Keyboard
Under the umbrella tag of code, this refers to accessibility of a keyboard interface, which users may primarily or solely use if they do not use a mouse (often those with physical disabilities).
Level A
This refers to WCAG 2.1 compliance level A, which addresses access barriers that make it impossible or extremely difficult for disabled people to interact with something.
Level AA
This refers to WCAG 2.1 compliance level AA, which significantly improves the accessibility experience. This is the typical standard for government institutions and legal mandates.
Level AAA
This refers to WCAG 2.1 compliance level AAA, which describes an optimal level of care and attention paid toward access needs.
Multimedia
Under the umbrella tag of content, this refers specifically to time-based media such as movies and livestreams. It's important that this content is accessible to Blind, Deaf, and Deaf-Blind audiences.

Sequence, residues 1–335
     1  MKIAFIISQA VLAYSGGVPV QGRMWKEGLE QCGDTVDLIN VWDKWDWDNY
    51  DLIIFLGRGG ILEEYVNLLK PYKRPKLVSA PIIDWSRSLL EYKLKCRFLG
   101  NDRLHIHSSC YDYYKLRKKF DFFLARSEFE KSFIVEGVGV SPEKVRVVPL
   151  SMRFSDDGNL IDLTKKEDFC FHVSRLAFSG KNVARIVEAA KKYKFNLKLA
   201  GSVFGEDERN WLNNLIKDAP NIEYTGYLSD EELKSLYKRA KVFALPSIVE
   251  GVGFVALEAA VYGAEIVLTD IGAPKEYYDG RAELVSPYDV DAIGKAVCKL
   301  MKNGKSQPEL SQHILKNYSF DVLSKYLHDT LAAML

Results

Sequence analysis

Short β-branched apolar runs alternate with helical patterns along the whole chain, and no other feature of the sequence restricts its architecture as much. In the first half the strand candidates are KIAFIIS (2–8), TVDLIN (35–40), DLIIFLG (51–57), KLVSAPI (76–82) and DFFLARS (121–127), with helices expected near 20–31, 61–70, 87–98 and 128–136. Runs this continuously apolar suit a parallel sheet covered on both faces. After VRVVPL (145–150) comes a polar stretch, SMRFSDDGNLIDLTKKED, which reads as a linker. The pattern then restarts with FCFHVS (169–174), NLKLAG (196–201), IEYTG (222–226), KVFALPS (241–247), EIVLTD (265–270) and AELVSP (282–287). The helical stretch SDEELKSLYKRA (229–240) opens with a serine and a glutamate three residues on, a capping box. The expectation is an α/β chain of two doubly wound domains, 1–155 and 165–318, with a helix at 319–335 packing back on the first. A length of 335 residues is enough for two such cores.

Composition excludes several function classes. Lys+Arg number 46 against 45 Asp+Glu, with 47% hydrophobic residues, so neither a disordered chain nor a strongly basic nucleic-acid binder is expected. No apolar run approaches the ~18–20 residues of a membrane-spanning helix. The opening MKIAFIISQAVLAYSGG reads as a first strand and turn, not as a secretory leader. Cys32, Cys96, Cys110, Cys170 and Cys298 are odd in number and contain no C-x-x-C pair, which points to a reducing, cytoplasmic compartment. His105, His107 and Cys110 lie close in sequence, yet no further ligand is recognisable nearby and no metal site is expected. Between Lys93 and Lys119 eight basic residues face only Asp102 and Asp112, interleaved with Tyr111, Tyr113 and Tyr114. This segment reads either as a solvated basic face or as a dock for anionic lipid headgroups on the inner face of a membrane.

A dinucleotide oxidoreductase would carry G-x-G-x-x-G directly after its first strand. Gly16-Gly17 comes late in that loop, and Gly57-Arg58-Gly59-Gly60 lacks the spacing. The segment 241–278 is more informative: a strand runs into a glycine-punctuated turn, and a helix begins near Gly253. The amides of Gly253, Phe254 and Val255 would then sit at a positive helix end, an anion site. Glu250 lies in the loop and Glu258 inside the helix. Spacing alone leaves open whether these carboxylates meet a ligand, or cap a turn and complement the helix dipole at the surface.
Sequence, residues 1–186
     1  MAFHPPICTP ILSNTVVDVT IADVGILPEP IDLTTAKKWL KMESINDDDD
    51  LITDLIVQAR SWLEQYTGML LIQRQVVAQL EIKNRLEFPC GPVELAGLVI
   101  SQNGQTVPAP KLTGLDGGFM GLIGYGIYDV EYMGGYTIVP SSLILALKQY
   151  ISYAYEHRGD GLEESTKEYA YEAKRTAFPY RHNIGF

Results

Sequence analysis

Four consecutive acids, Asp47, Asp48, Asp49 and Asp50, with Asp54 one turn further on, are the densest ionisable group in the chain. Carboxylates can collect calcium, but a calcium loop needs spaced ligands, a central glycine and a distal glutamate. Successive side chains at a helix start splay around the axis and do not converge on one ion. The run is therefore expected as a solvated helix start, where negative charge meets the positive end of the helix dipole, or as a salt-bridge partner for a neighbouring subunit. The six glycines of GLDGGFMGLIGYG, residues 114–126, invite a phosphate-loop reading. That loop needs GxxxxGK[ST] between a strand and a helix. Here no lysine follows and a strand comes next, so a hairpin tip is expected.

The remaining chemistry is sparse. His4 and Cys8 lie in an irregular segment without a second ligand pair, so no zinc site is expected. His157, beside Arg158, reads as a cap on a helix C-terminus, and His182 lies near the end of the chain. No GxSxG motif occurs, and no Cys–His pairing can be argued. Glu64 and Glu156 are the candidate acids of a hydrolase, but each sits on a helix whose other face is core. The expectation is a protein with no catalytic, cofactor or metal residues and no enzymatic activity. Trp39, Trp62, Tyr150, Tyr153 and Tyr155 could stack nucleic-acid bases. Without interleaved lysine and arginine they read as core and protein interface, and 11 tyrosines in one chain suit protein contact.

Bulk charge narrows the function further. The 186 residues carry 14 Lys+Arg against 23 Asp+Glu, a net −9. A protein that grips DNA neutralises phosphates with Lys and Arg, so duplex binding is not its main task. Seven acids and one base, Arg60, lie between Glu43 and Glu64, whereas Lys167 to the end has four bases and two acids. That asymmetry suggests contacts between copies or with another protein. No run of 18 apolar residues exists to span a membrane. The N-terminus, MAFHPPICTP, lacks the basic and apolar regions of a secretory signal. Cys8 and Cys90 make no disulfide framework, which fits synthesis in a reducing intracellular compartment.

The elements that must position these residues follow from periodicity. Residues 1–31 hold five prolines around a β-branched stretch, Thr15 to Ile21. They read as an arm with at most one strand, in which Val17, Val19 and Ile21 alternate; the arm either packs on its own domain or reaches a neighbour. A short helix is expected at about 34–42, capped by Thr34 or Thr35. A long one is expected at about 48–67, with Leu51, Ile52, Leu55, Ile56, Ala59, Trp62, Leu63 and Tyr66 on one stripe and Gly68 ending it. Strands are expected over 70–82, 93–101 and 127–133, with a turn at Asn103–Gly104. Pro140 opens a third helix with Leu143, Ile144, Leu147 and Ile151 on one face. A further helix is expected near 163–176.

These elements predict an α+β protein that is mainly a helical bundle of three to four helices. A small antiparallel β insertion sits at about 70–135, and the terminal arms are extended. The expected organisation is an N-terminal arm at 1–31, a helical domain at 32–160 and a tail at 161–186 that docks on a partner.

Navigation
Under the umbrella tag of design, this refers specifically to the organization and usability of navigation (how someone finds things and goes to different pages).
Physical
This refers to a diversity of physical disabilities, which affect body and movement. Access for physical disabilities usually pertain to making things easy to interact with, have patient timing, and allow for error recovery.
Presentation
Under the umbrella tag of code, this refers to the visual presentation -specifically making sure that people can zoom in one things, change the size of the browser or screen, enlarge the text, etc. and still be able to see and understand everything.